The head-tracked weapons are a revelation, fun to use and adding an ability which will be fully taken advantage of by more talented pilots. Shooting in one direction with your main guns while locking on and destroying targets with your face is a unique and exciting way to control things, even if it did lead to me becoming completely disorientated and smashing into asteroids and the sides of enemy carrier ships on occasion.
With the three different classes of ship on offer, as well as the generous amount of unlockable ships and aesthetic content which you can very slowly grind away for, there’s plenty to keep you busy if this type of thing is your bag, but it doesn’t stop things getting old too quickly for the rest of us. It’s also a massive shame that, with the tactical elements offered by the various types of craft and the fact that every player is mic-ready through their headsets and PS cameras, voice comms can only be activated if players go to the trouble of creating squads. It’s an odd decision which has left almost every game I’ve played completely bereft of team chatter and works completely against the application of teamwork during battles; something that would really have help inject a little more life into proceedings.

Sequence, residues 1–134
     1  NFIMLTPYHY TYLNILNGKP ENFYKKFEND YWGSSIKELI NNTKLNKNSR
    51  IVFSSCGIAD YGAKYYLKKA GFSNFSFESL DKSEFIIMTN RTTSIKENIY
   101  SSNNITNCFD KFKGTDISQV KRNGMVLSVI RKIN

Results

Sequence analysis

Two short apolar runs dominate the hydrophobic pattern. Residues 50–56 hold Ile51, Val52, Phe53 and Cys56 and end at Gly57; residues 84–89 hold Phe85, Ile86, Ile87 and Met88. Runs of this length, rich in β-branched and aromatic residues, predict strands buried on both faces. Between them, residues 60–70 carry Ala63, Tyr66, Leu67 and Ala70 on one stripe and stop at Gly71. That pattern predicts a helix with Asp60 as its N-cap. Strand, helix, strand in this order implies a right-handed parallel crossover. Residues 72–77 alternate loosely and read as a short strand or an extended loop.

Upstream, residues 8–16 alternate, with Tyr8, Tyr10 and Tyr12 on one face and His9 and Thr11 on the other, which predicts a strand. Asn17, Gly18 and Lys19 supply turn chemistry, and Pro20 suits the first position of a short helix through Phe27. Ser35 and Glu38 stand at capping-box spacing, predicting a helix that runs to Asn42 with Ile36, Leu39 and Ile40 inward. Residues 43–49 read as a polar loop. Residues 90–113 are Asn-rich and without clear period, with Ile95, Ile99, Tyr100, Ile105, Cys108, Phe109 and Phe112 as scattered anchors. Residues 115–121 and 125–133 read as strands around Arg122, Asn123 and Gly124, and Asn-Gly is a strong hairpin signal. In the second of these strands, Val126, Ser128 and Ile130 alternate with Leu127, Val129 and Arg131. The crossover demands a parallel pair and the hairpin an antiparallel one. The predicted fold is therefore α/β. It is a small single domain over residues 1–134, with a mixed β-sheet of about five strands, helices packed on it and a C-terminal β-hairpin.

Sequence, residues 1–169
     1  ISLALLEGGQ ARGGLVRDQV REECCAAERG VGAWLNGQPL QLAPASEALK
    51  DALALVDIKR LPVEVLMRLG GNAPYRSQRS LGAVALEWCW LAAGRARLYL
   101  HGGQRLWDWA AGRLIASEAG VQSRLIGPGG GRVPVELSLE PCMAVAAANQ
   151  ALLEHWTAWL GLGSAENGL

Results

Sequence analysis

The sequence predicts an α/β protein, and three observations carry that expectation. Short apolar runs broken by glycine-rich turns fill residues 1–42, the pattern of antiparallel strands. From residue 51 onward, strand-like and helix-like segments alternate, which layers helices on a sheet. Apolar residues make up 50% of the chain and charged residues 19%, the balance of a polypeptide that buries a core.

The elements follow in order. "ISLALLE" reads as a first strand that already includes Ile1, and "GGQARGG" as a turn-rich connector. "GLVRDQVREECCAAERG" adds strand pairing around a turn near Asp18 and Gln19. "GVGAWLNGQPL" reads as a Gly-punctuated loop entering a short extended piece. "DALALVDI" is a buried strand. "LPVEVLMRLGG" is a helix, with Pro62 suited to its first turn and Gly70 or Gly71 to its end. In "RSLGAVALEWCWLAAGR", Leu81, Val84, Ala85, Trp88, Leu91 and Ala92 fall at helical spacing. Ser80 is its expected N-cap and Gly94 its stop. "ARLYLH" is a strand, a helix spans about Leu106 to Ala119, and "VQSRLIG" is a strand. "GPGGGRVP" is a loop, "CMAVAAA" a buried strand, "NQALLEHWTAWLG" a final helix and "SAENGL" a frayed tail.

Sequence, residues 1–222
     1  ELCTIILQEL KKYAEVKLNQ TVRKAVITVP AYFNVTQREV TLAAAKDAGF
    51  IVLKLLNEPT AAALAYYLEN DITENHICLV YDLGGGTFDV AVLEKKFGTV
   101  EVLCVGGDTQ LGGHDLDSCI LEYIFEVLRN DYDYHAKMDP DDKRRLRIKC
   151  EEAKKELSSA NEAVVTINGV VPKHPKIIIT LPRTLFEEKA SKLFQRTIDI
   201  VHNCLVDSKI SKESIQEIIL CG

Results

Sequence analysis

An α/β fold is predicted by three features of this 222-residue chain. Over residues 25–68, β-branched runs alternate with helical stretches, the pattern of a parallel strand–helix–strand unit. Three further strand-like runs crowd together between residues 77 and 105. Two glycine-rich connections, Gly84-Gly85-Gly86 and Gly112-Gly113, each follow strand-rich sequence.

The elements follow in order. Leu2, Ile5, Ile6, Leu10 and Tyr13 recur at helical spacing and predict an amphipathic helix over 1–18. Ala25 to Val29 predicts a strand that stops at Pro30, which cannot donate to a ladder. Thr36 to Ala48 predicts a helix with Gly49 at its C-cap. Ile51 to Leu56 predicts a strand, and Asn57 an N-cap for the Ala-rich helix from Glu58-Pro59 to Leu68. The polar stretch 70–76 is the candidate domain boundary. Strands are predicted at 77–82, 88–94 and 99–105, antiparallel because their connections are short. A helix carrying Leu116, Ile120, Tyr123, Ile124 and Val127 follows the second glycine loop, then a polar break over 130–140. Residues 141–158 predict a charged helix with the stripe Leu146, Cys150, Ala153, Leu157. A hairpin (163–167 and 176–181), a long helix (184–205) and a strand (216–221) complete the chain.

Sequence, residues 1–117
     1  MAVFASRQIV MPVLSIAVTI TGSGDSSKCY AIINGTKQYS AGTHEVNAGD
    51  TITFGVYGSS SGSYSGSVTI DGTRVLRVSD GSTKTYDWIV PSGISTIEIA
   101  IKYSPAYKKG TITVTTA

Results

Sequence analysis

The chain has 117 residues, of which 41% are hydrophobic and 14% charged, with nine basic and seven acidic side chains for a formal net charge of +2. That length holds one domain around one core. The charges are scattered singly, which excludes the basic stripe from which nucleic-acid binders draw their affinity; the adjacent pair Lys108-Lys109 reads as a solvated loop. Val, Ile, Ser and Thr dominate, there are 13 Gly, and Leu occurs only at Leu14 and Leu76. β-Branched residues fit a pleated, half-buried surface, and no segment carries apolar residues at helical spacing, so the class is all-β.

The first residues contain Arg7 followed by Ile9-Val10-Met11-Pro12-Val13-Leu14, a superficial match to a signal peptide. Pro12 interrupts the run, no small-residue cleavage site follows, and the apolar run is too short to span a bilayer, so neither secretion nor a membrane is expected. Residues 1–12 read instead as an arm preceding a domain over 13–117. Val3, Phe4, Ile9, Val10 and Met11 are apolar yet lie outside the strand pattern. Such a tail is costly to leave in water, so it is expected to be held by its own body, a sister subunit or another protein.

It should also be mentioned that microtransactions raise their ugly heads here and even though you’ve just shelled out £60 for the game, other players can get the jump on you, eschewing the slow crawl through unlockable gear by stumping up actual Earth cash to quickly gain access to more powerful ships. It’s a pity they are included here but I’m also not sure how much it actually affects gameplay as I found myself topping team scoreboards in my low-level craft on several occasions.
Overall then, Eve Valkyrie is a technically marvellous game – it’s the best looking title on PSVR and it has provided me with my favourite VR moment thus far, blasting out of the belly of a carrier ship at breakneck speed into beautiful, deadly space. However, the spectacle only thrills for so long and at its heart Valkyrie is a straightforward, arcade shooter which lacks enough variety in its gameplay to stop it growing stale quite quickly, and, for the asking price, it’s perhaps only fully recommendable to the most enthusiastic of space pirates.
Graphically stunning, immersive space combat
Easy to master arcade controls ensure you’re in the thick of battle quickly
Light on content and expensive
Lack of modes and repetitive gameplay means it grows old quite quickly
Voice comms badly implemented